State v. Davis

Annotate this Case

385 So. 2d 193 (1980)

STATE of Louisiana v. Nelson Grant DAVIS.

No. 65852.

Supreme Court of Louisiana.

May 19, 1980.

Rehearing Denied July 7, 1980.

*195 William F. Grace, Jr., Havard L. Scott, III, Chaffe, McCall, Phillips, Toler & Sarpy, New Orleans, for defendant-appellant.

William J. Guste, Jr., Atty. Gen., Barbara Rutledge, Asst. Atty. Gen., Harry F. Connick, Dist. Atty., David R. Paddison, Asst. Dist. Atty., for plaintiff-appellee.

BLANCHE, Justice.[*]

Defendant, Nelson Grant Davis, was charged by grand jury indictment with two counts of first degree murder. On the day of trial, the prosecutor amended the indictment to charge defendant with one count of second degree murder in violation of R.S. 14:30.1. Following trial, a twelve-member jury returned a 10-2 verdict of guilty as charged, and defendant was sentenced to life imprisonment. On appeal, defense counsel alleges eight assignments of error.

On July 20, 1976, Paulette Royal and Eddie Smith were shot to death in a hotel room at Howard Johnson's Motor Lodge in New Orleans. A third person, Samuel Williams, was also in the hotel room and was shot, but lived and later testified at defendant's trial. Three men, Jesse Ford, Clarence Davis and the defendant, were arrested and charged with the shootings. Jesse Ford testified at defendant's trial in exchange for a grant of immunity from prosecution for the murders.

Ford testified that he was with defendant when David Joseph Sylvester offered to pay defendant "$10,000 a head" to shoot Paulette Royal and Eddie Smith. Sylvester wanted the two dead because they were key state witnesses in a narcotics prosecution against him. On the day after this conversation, defendant and Clarence Davis, defendant's brother-in-law, allegedly forced Ford to get into a car and go with them to the victims' hotel room. Defendant wanted Ford to go along because Ford knew Eddie Smith and probably could get Smith to open the door for them. Smith opened the door for Ford as expected, and Ford, Clarence Davis and the defendant entered the room. The victims, Eddie Smith and Paulette Royal, were told to lie face down on the floor. After defendant became aware that a third person, Williams, was in the room, defendant ordered, "He goes too." Ford testified that defendant put a pillow over Eddie *196 Smith's head and then shot him in the head three times. Defendant then did the same to Paulette Royal. Ford stated that Clarence Davis forced Williams on the floor, put a pillow over Williams' head, and shot him in the head, but Davis' gun jammed after one shot. Defendant then put his own gun to Williams' head and pulled the trigger several times, but the gun wouldn't fire as it had run out of bullets. Defendant, Davis and Ford then fled from the room.

Samuel Williams testified that on the day of the shootings, he was asleep in the hotel room he shared with Smith and Royal when a knock on the door awakened him. Three strangers entered the room and engaged in a conversation with Eddie Smith. Shortly thereafter, Williams became aware that the strangers were armed. The intruders told Williams to get out of bed. One of them pulled him out of the bed, forced him to lie face down on the floor, and then put a pillow over his head. Williams said he could see or hear nothing after the pillow was placed over his head. Some time after the shooting, he gained consciousness and went for help. Williams identified the defendant as one of the three intruders, and as the man who had pulled him out of his bed and forced him onto the floor.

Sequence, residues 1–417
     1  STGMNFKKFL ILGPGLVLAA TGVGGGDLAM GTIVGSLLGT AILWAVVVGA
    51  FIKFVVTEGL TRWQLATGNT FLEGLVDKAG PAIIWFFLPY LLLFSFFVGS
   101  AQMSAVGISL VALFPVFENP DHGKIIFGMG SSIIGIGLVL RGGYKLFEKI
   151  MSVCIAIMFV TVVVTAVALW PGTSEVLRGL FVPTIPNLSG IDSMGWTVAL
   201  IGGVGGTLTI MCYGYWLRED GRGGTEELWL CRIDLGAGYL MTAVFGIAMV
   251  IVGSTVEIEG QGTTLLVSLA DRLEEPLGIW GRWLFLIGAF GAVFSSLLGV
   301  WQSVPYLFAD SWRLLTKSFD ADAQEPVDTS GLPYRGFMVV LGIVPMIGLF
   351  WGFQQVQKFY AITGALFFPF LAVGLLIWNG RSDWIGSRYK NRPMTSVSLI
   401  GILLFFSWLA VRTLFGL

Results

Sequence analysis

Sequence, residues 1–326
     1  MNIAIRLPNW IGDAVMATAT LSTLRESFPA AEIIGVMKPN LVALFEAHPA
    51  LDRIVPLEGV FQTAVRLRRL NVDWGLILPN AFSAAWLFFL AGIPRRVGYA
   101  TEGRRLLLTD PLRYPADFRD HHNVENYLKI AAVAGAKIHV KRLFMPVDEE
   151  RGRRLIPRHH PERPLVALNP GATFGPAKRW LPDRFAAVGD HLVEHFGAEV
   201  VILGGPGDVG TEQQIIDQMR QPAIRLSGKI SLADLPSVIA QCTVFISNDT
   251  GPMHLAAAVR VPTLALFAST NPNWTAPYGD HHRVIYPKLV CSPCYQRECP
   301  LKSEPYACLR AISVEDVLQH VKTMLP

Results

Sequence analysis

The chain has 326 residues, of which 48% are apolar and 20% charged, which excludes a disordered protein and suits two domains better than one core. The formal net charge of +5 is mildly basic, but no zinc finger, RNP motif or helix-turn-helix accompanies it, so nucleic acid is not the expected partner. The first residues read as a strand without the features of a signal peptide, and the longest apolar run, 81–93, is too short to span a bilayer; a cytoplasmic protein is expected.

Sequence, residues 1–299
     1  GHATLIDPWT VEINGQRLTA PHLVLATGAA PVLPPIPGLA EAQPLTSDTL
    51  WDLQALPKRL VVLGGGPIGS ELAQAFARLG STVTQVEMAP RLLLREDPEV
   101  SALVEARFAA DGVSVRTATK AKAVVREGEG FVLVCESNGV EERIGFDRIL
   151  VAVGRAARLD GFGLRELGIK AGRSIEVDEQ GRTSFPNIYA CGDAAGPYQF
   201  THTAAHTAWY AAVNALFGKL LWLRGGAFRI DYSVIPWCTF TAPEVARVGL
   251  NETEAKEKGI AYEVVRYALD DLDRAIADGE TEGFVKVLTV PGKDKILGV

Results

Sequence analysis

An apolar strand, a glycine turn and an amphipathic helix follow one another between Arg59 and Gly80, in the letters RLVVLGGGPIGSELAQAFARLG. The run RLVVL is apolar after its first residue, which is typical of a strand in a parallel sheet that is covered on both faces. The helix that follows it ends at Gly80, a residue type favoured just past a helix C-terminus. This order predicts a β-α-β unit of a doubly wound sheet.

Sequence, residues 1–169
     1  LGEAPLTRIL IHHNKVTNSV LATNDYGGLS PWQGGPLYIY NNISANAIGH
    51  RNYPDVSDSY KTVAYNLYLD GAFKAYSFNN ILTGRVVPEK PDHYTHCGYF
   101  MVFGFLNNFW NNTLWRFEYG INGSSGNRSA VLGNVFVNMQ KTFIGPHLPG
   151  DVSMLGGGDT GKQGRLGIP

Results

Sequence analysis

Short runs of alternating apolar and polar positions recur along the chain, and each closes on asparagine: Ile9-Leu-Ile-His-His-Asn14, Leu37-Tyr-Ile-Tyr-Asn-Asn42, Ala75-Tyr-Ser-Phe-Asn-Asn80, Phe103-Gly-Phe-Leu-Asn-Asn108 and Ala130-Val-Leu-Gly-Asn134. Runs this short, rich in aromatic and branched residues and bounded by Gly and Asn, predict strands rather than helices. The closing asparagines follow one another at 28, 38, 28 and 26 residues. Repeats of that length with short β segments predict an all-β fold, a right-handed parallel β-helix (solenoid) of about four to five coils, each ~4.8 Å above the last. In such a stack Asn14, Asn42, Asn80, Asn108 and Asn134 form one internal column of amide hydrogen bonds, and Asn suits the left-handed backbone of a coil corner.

Assignments of Error Numbers 1 and 7(a)

Defense counsel contends the trial judge erred in allowing the prosecutor to amend the grand jury indictment, which charged defendant with first degree murder, to charge second degree murder.

District attorneys are empowered to amend indictments to charge lesser offenses. See State v. Gilmore, 332 So. 2d 789 (La.1978). The issue here is whether the amendment violated the defendant's constitutionally protected right to have his prosecution initiated by an indictment of the grand jury. Louisiana's constitutional provision states that "no person shall be held to answer for a capital crime or a crime punishable by life imprisonment except on indictment by grand jury". La.Const.1974, art. 1, § 15. See also La.C.Cr.P. art. 382.[1] Under the law applicable to defendant, second degree murder is a crime punishable by life imprisonment and, therefore, is a crime the prosecution of which must be instituted by grand jury indictment. State v. Stevenson, 334 So. 2d 195 (La.1976). These legal precepts would require that a person should not be accused of the offense for which defendant was charged and convicted except by a group of his fellow citizens acting independently of either prosecuting attorney or judge. See Stirone v. United States, 361 U.S. 212 at 218, 80 S. Ct. 270 at 273, 4 L. Ed. 2d 252 (1959).

To support his argument that defendant was deprived of his constitutional right, counsel relies on State v. Donahue, 355 So. 2d 247 (La.1978), in which we reversed a conviction because the district attorney, after nolle prossing a grand jury indictment of first degree murder, reinstituted prosecution by a bill of information charging the defendant with second degree murder. We held the reinstitution of prosecution by bill of information in the Donahue case to be a violation of the defendant's constitutional right to have the second degree murder charge instituted by grand jury indictment.